CALCIUM CHANNELS AND PAIN, PART IV. (CaV2.2 is the channel of the capsaicin TRPV-1 receptor) J. McGivern and S. McDonough

We continue with a review of information supplied by McGivern and McDonough. Once again, we thank them for their kind support.We attempt to use nociceptin as an example of why pain blockers outside the opioid pathways are desirable. We attempt to explain why this is relevant and necessary in the hunt for the paths of central pain. We especially encourage your reading about bypassing of the cord by various routes of the autonomic nervous system and why N-type calcium channel chemistry hints at a role for the autonomic system/visceral afferents and compares opiate counterfeiters (NOF/Q) in CP. As before, we acknowledge the input by McGivern and McDonough, cited above.

N-type calcium channels encoded by the CaV2.2 gene are expressed ONLY in neurons. Furthermore, they are expressed in all parts of the neuron. A signal which has passed through a synapse, hits the incoming part of a neuron, passes through the cell body, degrades in strength, and then if powerful enough sets off an action potential or spike in the transmitter segment which is right at the beginning of the axon. N-type calcium channels are there all the way.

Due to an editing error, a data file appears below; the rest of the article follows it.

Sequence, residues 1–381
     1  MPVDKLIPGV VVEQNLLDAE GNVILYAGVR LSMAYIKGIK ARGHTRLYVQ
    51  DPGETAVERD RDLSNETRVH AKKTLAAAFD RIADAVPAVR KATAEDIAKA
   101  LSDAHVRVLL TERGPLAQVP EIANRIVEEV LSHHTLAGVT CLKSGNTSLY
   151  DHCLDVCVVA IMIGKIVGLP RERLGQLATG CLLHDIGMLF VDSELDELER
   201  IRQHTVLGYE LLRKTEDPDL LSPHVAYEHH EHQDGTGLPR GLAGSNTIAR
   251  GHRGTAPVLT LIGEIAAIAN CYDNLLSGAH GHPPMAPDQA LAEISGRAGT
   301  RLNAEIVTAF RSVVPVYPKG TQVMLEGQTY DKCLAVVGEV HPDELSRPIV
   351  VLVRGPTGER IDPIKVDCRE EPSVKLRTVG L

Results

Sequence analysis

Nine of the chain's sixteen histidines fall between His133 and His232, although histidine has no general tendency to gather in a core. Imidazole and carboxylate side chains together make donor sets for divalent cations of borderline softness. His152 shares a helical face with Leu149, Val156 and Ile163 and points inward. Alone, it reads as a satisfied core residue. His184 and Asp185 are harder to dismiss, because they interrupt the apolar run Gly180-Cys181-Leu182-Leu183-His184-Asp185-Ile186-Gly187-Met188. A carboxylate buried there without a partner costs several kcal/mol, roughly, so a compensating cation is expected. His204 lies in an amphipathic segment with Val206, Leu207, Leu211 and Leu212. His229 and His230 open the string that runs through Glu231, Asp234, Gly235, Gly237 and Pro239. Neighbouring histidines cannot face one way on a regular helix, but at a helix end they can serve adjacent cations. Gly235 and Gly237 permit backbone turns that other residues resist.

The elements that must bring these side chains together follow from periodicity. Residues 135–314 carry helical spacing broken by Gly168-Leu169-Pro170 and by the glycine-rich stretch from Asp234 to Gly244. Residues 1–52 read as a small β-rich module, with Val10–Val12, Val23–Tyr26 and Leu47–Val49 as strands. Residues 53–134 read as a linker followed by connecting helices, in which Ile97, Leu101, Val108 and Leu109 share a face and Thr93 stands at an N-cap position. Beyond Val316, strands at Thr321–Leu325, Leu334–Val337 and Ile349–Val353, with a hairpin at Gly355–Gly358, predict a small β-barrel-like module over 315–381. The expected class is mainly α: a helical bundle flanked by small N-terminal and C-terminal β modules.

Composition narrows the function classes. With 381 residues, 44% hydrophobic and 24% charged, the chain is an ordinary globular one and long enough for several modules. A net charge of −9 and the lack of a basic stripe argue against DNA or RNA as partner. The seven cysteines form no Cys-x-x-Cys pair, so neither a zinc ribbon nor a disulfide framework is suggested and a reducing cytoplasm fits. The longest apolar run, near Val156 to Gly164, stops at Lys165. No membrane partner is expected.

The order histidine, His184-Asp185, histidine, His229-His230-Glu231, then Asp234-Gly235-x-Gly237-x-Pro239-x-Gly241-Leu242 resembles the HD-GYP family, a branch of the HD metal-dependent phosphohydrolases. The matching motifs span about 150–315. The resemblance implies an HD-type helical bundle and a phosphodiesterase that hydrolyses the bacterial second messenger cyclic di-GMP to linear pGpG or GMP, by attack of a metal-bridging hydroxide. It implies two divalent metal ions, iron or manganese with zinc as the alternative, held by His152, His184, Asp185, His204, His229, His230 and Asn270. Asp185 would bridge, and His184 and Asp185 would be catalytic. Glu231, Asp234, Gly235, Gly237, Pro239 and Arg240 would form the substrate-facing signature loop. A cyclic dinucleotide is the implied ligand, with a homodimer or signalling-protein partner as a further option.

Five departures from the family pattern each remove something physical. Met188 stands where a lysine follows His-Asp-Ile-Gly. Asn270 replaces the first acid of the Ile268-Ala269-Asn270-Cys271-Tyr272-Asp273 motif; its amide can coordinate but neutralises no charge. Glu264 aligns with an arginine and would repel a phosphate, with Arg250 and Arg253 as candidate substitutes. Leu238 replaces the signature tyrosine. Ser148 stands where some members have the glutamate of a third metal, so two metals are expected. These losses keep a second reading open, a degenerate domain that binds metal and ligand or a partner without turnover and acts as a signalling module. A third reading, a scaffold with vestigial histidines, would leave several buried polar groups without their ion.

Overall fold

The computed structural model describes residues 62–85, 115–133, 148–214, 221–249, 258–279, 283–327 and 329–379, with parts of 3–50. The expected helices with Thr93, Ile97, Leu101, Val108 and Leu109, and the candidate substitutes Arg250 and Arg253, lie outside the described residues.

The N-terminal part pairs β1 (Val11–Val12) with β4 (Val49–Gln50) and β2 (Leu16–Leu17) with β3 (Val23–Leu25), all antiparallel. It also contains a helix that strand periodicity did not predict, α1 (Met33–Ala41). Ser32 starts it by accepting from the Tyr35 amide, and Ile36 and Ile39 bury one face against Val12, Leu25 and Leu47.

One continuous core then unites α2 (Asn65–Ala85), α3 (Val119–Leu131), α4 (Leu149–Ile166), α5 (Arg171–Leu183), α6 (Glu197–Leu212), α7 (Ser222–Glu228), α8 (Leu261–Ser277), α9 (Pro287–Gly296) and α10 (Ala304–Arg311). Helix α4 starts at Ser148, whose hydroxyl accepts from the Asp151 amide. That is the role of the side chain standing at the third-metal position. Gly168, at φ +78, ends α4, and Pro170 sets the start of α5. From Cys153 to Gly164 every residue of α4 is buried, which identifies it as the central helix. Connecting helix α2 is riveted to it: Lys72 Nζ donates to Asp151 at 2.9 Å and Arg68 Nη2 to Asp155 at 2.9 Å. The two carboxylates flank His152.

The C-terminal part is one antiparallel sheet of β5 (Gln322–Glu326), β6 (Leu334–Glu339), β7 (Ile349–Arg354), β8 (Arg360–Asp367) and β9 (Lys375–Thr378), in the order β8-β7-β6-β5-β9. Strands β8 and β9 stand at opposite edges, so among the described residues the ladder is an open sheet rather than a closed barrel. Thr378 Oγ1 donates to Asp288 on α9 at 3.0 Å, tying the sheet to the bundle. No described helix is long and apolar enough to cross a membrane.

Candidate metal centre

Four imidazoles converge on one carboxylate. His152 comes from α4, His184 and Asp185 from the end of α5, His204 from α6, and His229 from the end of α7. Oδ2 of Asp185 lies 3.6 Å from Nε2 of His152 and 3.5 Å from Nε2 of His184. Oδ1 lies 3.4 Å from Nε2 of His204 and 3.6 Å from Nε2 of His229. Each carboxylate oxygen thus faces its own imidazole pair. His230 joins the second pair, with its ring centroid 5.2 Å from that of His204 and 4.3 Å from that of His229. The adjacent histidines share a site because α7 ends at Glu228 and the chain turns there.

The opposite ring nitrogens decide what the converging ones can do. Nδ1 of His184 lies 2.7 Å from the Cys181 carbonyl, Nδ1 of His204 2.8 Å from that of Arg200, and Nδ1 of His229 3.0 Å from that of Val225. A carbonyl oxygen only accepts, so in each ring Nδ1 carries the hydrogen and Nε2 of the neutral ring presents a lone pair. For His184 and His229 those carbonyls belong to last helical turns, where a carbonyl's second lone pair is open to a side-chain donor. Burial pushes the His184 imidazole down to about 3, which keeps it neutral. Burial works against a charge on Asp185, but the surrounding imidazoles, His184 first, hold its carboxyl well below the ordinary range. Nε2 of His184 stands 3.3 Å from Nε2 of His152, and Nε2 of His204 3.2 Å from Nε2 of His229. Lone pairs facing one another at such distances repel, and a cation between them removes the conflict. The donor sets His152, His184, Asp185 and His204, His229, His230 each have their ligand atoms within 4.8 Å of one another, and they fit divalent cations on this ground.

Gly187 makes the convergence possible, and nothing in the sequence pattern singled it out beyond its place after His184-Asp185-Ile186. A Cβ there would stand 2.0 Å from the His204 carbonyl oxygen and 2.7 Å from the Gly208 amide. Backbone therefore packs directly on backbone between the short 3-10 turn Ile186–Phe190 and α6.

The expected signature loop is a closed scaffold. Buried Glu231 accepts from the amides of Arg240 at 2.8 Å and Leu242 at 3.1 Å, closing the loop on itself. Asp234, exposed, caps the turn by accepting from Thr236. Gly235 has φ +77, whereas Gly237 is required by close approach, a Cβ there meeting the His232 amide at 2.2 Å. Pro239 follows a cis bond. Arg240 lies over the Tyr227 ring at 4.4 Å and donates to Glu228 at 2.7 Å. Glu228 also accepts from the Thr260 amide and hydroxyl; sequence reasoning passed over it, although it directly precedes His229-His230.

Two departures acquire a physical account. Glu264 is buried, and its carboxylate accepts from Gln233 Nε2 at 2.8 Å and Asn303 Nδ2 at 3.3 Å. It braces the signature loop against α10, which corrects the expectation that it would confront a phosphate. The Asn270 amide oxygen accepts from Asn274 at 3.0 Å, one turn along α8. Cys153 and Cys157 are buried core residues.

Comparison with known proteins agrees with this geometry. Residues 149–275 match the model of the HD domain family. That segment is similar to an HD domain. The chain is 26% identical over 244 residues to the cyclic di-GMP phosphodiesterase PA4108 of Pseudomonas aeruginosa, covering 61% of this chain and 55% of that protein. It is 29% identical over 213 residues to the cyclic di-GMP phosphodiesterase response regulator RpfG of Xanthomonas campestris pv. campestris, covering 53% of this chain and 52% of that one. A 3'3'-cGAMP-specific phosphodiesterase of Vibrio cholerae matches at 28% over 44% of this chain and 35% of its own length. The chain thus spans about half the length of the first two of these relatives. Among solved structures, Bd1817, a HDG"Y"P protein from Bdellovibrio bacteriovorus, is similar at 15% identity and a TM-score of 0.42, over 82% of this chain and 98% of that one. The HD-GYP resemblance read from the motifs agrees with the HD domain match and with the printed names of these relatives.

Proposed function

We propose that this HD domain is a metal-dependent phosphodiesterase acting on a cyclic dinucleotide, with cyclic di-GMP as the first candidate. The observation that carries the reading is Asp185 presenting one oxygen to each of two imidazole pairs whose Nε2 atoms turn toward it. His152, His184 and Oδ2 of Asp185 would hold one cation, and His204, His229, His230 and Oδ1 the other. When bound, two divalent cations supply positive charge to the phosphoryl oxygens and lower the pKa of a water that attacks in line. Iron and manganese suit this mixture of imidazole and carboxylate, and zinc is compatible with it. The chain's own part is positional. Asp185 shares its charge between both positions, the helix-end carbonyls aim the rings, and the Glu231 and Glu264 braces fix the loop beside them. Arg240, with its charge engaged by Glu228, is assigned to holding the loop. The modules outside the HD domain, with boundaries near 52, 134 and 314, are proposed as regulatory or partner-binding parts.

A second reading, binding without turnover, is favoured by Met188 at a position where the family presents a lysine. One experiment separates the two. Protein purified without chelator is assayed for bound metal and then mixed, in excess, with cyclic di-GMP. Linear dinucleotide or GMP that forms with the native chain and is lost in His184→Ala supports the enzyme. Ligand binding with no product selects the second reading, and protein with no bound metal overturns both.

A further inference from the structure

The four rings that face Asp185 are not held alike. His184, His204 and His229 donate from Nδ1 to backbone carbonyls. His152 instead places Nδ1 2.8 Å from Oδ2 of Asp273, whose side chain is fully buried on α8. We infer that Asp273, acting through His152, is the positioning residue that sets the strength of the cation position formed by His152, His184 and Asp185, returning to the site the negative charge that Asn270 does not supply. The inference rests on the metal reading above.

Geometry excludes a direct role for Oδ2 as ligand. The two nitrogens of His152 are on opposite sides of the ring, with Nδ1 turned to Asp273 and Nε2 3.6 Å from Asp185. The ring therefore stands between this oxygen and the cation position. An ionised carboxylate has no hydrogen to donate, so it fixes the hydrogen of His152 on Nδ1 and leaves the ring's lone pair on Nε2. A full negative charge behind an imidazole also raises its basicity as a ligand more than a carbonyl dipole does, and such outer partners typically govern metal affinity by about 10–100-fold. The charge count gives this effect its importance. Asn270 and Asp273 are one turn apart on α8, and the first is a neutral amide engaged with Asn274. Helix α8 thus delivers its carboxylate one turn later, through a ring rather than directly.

The behavior of conscious nerves seems more or less intuitive, but when we get to the autonomics (unconscious nervous system), things get very freaky. You would not guess what happens. Central pain provides one of the most persuasive evidences that the unconscious nervous system not only interfaces with and can